Law enforcement administrators must understand the impact of the drugged driving dilemma and be proactive in their approach to help reduce it. The IACP continues to assist states with several important drugged driving countermeasure training courses. The National Highway Traffic Safety Administration (NHTSA) Advanced Roadside Impaired Driving Enforcement (ARIDE) is a two-day (16 hour) classroom drugged driving course taught by DRE instructors. It assists road officers to better detect many of the common signs, symptoms and indicators of drug impairment in suspected impaired drivers. The Drug Evaluation and Classification (DEC) Program, coordinated and managed by the IACP, trains officers to be Drug Recognition Experts (DREs) and is considered the premier drugged driving training.

To learn more about each of these two training opportunities, visit the IACP DEC Program webpage.

Posted in Drugs & Alcohol, Education & Training, Traffic Safety

One Mind Campaign: Improving Police Response to Persons Affected by Mental Illness

Pledge your support for the One Mind Campaign, designed to improve police response to persons affected by mental illness.

onemindThe IACP has been working to address police response to persons affected by mental illness for the past several years. In 2010, IACP issued a report that focused on a broad range of goals for legislators, mental health experts, and law enforcement officers addressing legislation and policy, first responders, youth, cross-system collaboration, and offender re-entry into the community. To follow up, in 2014 IACP issued a revised Model Policy on Responding to Persons Affected by Mental Illness or in Crisis. This Model Policy highlights the unique challenges that law enforcement agencies face in responding to persons affected by mental illness and provides guidance, techniques, and resources so that the situation can be resolved in a constructive manner. More recently in 2015, the IACP issued Improving Officer Response to Persons with Mental Illness and Other Disabilities, an expansion of the 2010 report that provides a broad overview of how law enforcement leaders can improve officer response to persons affected by mental illness. Now we are excited to announce the launch of the One Mind Campaign.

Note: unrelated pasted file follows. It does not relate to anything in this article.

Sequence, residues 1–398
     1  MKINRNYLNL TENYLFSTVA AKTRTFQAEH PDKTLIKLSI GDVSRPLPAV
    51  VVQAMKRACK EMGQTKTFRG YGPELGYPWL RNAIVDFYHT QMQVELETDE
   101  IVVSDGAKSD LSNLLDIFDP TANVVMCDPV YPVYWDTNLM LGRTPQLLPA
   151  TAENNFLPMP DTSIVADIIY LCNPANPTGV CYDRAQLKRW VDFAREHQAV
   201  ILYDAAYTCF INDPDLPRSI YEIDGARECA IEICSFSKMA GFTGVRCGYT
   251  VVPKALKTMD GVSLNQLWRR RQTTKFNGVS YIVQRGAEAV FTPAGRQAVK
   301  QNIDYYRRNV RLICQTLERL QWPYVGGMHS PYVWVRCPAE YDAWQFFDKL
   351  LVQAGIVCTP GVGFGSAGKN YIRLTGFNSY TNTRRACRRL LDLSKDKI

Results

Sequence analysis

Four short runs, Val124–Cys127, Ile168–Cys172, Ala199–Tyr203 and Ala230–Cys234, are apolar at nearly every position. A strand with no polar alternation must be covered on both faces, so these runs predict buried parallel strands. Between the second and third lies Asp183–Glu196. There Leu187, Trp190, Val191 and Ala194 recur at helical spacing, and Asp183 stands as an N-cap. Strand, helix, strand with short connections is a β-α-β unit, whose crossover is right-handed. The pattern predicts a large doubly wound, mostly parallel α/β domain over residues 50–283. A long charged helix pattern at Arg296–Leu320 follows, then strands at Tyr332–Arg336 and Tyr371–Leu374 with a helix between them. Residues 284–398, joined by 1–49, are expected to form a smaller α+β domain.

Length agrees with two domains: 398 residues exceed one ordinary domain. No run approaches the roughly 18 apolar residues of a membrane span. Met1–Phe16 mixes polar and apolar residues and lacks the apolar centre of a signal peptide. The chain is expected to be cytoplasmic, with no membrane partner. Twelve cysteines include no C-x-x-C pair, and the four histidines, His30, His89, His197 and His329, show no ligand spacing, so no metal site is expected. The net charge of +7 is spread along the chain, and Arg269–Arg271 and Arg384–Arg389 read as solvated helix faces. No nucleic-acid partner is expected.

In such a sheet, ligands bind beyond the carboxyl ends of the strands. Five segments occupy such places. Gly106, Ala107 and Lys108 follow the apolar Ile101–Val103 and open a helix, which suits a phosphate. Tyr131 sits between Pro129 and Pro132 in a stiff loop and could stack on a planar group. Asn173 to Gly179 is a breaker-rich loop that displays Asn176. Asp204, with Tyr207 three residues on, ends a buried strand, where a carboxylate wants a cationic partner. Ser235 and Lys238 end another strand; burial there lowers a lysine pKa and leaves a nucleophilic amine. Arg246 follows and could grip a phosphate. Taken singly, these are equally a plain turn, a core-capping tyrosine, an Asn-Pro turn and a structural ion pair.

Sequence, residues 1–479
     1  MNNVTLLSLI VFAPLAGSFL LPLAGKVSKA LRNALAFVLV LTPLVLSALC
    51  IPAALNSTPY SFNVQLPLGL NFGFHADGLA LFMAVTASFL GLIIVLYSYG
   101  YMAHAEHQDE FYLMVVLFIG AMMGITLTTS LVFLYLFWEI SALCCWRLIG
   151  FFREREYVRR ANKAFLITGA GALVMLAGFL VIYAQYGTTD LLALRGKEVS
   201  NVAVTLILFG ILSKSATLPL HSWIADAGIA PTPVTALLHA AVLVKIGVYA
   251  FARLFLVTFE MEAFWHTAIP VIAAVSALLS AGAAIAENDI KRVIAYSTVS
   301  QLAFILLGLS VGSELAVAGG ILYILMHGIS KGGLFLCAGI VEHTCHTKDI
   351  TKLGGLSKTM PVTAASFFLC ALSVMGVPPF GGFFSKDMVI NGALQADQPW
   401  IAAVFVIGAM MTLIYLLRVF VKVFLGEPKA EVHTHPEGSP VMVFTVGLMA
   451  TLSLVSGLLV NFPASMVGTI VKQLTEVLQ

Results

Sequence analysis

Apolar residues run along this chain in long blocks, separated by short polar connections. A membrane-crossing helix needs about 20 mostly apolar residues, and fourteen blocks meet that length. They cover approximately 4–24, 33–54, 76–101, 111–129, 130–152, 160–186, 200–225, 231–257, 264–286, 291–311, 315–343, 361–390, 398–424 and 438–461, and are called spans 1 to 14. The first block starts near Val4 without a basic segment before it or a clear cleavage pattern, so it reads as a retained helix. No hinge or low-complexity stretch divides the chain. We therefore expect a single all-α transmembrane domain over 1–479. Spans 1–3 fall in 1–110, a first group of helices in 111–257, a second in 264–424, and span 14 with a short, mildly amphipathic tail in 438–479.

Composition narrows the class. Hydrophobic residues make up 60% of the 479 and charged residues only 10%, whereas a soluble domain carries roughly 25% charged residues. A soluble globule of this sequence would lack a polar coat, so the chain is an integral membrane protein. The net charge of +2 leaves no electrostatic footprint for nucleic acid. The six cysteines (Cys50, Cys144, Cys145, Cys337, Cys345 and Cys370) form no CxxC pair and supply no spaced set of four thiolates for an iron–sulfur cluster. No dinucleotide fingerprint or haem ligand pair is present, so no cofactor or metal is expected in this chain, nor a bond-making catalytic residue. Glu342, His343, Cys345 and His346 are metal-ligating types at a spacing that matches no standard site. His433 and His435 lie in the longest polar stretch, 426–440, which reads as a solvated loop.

onemindlogoThe One Mind Campaign seeks to ensure successful interactions between police officers and persons affected by mental illness. To join the campaign, law enforcement agencies must commit to implementing the four promising practices over a 12-36 month timeframe. Agencies and organizations demonstrating a serious commitment to implementing all four required strategies will become publicly recognized members of the One Mind Campaign.

The strategies are:

  • Establish a clearly defined and sustainable partnership with one or more community mental health organization(s)
  • Develop and implement a model policy addressing police response to persons affected by mental illness
  • Train and certify 100 percent of your agency’s sworn officers (and selected non-sworn staff, such as dispatchers) in Mental Health First Aid
  • Provide Crisis Intervention Team training to a minimum of 20 percent of your agency’s sworn officers (and selected non-sworn staff, such as dispatchers)

The campaign provides a unique opportunity for law enforcement to make the transition from reacting and responding to these situations toward becoming a proactive leader, with improved response to situations involving this diverse population. Upon launching the campaign at IACP’s Annual Conference in October 2016, the IACP was joined by partners from the National Council for Behavioral Health, CIT International, SAMHSA, the Attorney General’s office and the Department of Justice’s Bureau of Justice Affairs. These representatives stood alongside IACP to announce the launch and expand awareness. The goal of the One Mind Campaign is to create sustainable relationships between police and the mental health community.

For more information visit the One Mind Campaign’s website or contact onemindcampaign@theiacp.org.

Take the pledge today!  

Posted in Community-Police Relations, Partnerships, Policy

IACP Names New Deputy Executive Director, Chief Terrence M. Cunningham

The International Association of Chiefs of Police (IACP) is pleased to announce the appointment of Chief Terrence M. Cunningham as its deputy executive director, starting in early 2017. Chief Cunningham succeeds Gwen Boniface who was recently appointed by Prime Minister, Justin Trudeau, to the Senate in Canada.

Chief Cunningham previously served as the IACP President from 2015-2016, and has been the Chief of Police of the Wellesley Police Department, Wellesley, Massachusetts, for 17 years.